Degree Name

Master of Environmental Science (Research)


School of Earth and Environmental Sciences


Trace metals are actual or potential pollutants in estuarine and coastal ecosystems. Anthropogenic activities, such as mining, industries and waste streams, can result in an increased release of trace metals into the environment at concentrations that may impact on the health, biological diversity and use of coastal ecosystems. They can be transported in food chains after absorption from the water by plants and consequently assessing the behaviour of metals requires an understanding of the factors that control the uptake of metals by organisms. In an attempt to investigate the effect of microorganisms on metal behaviour this study examines the effect that bacterial concentrations in solution have on the uptake of two sample trace elements, cadmium and selenium, by the algae Ulva lactuca. Algae collected from the Coledale area were tested for metal uptake in the presence of bacteria cultured from waters in the same area. Different concentrations of bacteria in solution were inoculated into salt-water media that contained samples of the algae and known concentrations of radioisotopes of selenium and cadmium. The algae were measured, by radiochemical methods, for metal uptake rates under the different treatment conditions. No overall conclusions could be developed as it proved difficult to maintain measurable differences between the bacterial inoculant concentrations in the experimental media. The differing concentrations of the bacterial treatments was the main variable in the experimental design and thus an analysis of the other experimental results, such as algae uptake, against these treatments was inhibited by the lack of significant difference within the bacterial measurements. The study did, however, provide valuable information for developing new experimental procedures to improve any further research into this area. A modified experimental procedure is proposed so that the impact of this important component (bacterial concentration variation) on metal behaviour in coastal waters can be investigated in more detail.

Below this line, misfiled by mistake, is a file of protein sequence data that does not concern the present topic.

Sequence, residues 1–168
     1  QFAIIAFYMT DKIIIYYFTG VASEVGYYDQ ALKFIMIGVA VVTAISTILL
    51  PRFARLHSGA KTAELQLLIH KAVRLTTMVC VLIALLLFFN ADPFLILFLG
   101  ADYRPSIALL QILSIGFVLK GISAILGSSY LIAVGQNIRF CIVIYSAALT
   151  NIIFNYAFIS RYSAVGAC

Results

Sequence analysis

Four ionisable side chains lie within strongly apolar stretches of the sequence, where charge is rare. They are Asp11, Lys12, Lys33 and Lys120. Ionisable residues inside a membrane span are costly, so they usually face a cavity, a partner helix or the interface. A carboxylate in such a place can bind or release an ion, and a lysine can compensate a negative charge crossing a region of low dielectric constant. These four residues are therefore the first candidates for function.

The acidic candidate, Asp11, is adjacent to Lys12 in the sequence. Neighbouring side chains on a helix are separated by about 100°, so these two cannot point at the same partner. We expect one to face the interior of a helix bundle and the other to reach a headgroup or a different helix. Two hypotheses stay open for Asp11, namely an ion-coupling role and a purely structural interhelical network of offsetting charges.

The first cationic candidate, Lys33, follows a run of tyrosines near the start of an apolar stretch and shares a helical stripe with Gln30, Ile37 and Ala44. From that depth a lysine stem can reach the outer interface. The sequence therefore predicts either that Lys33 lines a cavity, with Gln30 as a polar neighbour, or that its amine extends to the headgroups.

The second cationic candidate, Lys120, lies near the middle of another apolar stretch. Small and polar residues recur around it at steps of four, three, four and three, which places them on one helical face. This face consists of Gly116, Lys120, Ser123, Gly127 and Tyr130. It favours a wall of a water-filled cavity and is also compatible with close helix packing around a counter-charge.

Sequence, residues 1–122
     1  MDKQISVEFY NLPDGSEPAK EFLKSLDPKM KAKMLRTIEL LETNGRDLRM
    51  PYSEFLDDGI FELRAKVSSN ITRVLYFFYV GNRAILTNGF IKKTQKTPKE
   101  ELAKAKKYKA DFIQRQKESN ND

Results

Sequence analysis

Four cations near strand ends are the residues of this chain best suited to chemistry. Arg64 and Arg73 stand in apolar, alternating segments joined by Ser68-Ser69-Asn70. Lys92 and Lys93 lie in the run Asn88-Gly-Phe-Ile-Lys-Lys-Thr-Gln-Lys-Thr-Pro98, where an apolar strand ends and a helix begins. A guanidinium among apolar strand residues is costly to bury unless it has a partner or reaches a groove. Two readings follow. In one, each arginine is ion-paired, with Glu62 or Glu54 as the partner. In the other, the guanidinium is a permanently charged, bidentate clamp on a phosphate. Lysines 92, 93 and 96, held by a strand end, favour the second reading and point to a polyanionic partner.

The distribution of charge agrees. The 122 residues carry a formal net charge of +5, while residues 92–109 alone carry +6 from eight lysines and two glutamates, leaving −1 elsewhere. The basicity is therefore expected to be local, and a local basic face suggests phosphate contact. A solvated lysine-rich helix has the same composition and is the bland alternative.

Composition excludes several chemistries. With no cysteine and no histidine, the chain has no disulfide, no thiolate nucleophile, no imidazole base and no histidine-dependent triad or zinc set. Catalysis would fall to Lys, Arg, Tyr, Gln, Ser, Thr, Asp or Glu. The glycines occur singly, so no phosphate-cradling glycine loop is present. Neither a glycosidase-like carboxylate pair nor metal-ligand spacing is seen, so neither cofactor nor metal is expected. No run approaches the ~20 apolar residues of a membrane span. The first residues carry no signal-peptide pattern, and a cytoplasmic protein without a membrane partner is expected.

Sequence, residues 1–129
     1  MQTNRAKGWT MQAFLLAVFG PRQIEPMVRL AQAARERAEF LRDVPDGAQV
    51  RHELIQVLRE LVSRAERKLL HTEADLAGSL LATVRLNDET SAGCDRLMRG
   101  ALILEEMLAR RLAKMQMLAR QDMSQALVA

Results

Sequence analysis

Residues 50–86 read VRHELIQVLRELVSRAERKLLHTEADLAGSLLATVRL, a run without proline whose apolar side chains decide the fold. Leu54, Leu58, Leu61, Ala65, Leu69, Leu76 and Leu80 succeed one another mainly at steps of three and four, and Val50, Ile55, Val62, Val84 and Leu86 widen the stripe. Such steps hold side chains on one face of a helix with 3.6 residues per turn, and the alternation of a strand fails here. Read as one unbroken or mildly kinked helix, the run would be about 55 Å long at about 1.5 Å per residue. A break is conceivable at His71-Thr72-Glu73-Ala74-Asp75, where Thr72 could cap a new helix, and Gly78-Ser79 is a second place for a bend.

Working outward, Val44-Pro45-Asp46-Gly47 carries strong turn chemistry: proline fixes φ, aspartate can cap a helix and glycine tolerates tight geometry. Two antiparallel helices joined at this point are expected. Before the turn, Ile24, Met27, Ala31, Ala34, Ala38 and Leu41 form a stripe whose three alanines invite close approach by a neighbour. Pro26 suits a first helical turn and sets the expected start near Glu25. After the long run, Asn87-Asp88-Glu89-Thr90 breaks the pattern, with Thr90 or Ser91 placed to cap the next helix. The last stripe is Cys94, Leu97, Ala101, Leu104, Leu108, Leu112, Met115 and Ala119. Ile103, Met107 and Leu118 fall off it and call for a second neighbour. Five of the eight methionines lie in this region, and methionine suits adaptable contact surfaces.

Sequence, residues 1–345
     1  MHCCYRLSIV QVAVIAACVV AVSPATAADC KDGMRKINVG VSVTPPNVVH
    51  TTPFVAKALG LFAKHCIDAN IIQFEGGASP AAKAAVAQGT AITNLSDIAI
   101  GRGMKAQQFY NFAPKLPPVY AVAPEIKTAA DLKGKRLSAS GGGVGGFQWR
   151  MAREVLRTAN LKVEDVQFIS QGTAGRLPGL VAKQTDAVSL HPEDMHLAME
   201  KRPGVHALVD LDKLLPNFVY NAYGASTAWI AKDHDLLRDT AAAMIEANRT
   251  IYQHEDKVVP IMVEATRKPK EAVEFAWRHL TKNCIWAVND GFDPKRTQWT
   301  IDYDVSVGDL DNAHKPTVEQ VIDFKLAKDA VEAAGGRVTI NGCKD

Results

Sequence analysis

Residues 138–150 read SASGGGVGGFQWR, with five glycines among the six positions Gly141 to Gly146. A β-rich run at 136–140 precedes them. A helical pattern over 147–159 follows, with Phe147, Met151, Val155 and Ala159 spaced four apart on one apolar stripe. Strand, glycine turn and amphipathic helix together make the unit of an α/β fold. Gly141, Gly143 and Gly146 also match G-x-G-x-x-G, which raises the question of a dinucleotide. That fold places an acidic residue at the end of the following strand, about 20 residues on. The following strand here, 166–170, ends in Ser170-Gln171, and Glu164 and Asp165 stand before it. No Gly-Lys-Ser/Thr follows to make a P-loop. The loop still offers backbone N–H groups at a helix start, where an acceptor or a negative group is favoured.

Unless otherwise indicated, the views expressed in this thesis are those of the author and do not necessarily represent the views of the University of Wollongong.